Camec Range Hood.


Back to top menu


RV Water Level Indicator


Back to top menu


Swift 500 Series Four Burner Gas & Electric Stove.


Back to top menu


Axis AM FM Radio and Sound System.


Back to top menu


Sharp Carousel Microwave Oven.


Back to top menu


HPS High Performance Cooling System Refrigerator.


Back to top menu


Porcelain Toilet System


Back to top menu


Toilet Empty Warning Light


Back to top menu


How to Empty the Toilet Cassette


Back to top menu


Galvanised Battery Box


Back to top menu


Gas Heater Controls


Back to top menu


Breakaway Pin and Off Road Coupling


Back to top menu


Tunnel Boot and Breakaway Safety System


Back to top menu


Truma Gas Heating System


Back to top menu


External Water Tanks


Back to top menu


Four Seasons Hatch


Back to top menu


How to Raise and Tune the Winegard Sensar VHF & UHF Antenna


Back to top menu


How to Lower the Winegard Sensar VHF & UHF Antenna


Back to top menu


The Hot Water Heater Switch


Back to top menu


Sphere Washing Machine


Back to top menu


Fully Moulded Shower Recess


Back to top menu


Sharp Carousel Microwave


Back to top menu


Aircommand Ibis 3 Air Conditioner


Back to top menu


How to Clean the Aircommand Ibis Filter


Back to top menu


Drop Down External Table


Back to top menu


Waste Outlet Pipe


Back to top menu


How to Lower the External Awning


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Toowoomba Motor Village Caravan Park in Queensland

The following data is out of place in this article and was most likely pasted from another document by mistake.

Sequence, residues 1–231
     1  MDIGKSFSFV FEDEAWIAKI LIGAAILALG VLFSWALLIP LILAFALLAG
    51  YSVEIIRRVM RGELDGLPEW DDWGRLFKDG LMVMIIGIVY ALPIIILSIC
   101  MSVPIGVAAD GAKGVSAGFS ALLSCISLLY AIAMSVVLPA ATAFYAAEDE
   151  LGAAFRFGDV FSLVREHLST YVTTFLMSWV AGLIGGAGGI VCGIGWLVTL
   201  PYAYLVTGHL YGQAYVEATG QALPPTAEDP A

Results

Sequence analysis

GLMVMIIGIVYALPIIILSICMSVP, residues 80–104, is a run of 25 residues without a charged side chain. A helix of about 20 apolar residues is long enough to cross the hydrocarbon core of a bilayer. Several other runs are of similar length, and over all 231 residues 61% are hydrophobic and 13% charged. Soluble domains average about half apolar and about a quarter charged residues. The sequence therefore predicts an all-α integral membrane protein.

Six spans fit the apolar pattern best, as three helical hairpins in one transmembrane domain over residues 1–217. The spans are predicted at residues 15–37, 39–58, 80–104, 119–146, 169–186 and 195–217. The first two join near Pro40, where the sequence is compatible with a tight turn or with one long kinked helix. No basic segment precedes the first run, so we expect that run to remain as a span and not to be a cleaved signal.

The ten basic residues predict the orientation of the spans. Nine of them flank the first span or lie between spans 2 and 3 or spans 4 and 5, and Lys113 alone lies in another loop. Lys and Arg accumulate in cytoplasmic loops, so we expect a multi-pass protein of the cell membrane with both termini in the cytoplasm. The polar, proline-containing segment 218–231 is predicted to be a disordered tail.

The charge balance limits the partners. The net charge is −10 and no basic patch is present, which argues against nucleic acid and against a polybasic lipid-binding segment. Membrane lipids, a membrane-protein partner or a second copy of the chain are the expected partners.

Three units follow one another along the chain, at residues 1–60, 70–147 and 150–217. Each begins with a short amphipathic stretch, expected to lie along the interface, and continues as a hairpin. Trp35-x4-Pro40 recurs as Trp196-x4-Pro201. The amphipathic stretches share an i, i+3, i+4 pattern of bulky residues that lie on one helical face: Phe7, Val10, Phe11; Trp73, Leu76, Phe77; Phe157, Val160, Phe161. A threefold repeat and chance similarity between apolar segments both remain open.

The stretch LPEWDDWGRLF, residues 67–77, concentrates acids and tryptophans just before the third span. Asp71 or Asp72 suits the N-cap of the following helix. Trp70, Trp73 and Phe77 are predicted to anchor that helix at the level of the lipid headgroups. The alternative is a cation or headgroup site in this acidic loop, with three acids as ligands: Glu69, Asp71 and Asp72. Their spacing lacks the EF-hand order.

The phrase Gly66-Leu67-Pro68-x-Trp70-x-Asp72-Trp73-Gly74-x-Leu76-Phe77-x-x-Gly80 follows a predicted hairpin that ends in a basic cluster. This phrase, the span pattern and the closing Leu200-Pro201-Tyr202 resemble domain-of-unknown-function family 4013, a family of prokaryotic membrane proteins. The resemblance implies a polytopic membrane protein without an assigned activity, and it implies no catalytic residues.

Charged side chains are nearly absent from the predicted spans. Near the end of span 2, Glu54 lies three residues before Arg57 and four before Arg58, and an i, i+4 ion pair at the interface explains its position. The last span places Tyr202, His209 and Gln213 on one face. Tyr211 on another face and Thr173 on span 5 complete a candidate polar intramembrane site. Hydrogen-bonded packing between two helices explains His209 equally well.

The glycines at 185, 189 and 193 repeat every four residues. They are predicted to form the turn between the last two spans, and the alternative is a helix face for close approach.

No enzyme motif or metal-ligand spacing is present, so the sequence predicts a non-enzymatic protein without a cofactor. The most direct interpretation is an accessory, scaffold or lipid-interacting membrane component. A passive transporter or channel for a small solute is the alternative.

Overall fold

New photos of Toowoomba Motor Village Caravan Park in Queensland have been kindly supplied by our roving reporter Sherallee Schubet. Thanks Sherallee. You can see the full photo set and add your own photos and review at:

https://www.caravanparkphotos.com.au/toowoomba_motor_village/index.htm

5 Tips When Travelling In a Caravan

Caravanning can be a fantastic way to travel. It combines independence, flexibility and low costs for a memorable trip, and it is enjoyable for families, couples or singles of any age. These five tips will help you plan a caravan holiday that is safe and fun.

Be Prepared

Caravanning can mean travelling long distances in remote locations. While weighing down the caravan with too many items in order to prepare for any contingency is a mistake, no one should go caravanning without sufficient emergency supplies. Water is the most important, and you should have at least a couple of extra litres per person. Extra food, two spare tyres, a first aid kid, a paper map and an emergency tool kit should all be included as well.

Be Organised